Assessing revenue from above ... and more.
The Board of Revision of Taxes is using new technology to assess property as part of their Full Value Project.
Published on February 9, 2007 in the Philadelphia Business Journal.
The picture on Barry Mescolotto's computer screen could bring money to Philadelphia's tax base.
The digital image shows vacant land next to tax-exempt railroad property in the Olney section of Philadelphia. The large parcel has historically been labeled railroad property but the land is removed from the tracks, closer to a large building on 3rd Street.
"There is a question of whether that is taxable property," said Mescolotto, a property assessment administrator for the city's Board of Revision of Taxes.
At a modest market value estimate of $50,000 for the 16,825-square foot parcel, Mescolotto said that taxes would bring $1,322 into the city's coffers.
"That's $1,322 in taxes that we could find just like that," he said.
Pictometry International's imaging system and software, which provided Mescolotto the image - and the city that potential income, has been in use here since 2003 and the results, Mescolotto said, far outweigh the price that the city pays for it's services.
It costs the city $80,000 annually to license Pictometry's images and software, with the price being divided among eight city departments: the Board of Revision of Taxes, License and Inspections, the Mayor's office of information systems, the Streets department, the Philadelphia Industrial Development Corporation, the Water Revenue Bureau, the planning department and the Philadelphia Police department.
The BRT pays $10,000.
"It's probably some of the best money we've ever spent," Mescolotto said. "We made the $10,000 back in the first week we had it."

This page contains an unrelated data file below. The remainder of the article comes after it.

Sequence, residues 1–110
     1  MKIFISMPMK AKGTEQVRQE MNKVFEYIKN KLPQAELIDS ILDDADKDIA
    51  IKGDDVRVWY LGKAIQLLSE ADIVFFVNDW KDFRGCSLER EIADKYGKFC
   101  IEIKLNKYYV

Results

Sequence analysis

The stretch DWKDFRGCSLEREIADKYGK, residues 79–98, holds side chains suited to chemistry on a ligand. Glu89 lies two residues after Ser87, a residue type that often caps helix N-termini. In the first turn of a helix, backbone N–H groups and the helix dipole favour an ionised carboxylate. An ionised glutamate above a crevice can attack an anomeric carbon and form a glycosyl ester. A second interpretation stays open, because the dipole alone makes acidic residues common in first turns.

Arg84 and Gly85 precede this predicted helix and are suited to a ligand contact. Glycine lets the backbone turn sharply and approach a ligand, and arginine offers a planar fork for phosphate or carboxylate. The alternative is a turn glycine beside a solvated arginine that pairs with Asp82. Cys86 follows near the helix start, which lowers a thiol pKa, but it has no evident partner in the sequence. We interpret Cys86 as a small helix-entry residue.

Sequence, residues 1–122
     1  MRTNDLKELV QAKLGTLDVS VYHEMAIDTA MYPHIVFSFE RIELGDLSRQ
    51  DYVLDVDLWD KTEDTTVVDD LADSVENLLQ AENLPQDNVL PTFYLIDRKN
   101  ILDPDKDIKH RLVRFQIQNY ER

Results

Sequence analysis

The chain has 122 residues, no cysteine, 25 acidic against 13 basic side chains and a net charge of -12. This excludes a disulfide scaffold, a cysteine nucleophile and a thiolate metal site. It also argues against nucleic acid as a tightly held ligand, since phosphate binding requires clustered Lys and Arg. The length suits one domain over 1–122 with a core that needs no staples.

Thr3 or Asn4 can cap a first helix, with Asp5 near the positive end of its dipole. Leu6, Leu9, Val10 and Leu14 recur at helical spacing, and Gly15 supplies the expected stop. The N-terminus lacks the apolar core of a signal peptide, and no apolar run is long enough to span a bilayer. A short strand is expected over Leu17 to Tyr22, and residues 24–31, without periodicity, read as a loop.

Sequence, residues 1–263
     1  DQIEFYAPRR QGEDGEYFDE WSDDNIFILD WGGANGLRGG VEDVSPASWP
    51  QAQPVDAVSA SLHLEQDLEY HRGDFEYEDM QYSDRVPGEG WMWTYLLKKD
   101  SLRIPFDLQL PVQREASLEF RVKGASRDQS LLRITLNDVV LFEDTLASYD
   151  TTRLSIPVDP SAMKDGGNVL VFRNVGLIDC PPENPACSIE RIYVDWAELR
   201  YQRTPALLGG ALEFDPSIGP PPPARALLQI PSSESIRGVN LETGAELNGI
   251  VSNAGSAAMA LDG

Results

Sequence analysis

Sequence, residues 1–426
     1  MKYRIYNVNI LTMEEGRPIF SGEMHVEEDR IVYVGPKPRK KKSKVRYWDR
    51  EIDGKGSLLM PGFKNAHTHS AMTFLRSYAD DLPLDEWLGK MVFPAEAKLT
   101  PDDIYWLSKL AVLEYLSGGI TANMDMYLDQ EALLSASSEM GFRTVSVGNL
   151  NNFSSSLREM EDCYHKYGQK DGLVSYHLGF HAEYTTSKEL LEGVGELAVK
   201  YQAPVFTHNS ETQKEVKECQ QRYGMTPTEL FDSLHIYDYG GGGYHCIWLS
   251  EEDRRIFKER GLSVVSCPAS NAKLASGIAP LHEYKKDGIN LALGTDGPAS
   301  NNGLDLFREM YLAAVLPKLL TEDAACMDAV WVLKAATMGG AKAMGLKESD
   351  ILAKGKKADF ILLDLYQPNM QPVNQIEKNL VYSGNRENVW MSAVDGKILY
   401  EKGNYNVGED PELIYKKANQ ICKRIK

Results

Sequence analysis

Exact figures have not been calculated but the imaging system has helped Mescolotto's staff of 75 assessment evaluators locate thousands of dollars worth of property tax. And it is revenue that most likely wouldn't have been found using traditional means.
"It takes us places where our guys can't go," Mescolotto said.
Pictometry's thousands of images are generated once per year in an airplane flying a grid pattern over the city four times, in different directions each time. The plane shoots each of the 575,000 residential, commercial, institutional and tax-exempt parcels from the north, south, east and western angles.
The latest set of images - more than 37,000 pictures - were created at the end of 2006 and will be placed into the system this month.
Where satellite imaging and ortho photography show the world only from directly overhead, making everything appear flat, the Pictometry system shows the world at an oblique angle, providing perspective. And they include an overhead shot.
A minimum of 5 images are created for every property, with some parcels appearing in 20 different pictures. At the click of an icon, you can scroll through the various views of any property in the city, which are found simply by punching an address into the system.
Images are accurate to 1/100 inch and evaluators can measure lot lines within the system.
"I can get the full square footage without ever leaving my desk," Mescolotto said. "We can easily find additional tax revenue."
Prior to having the system in place, some properties were too hidden by fences or too insulated by other properties for evaluators to reach. Billboards and power substations were especially difficult to properly assess. If they could get to them at all, evaluators would often have to walk through yards, sometimes past snarling dogs.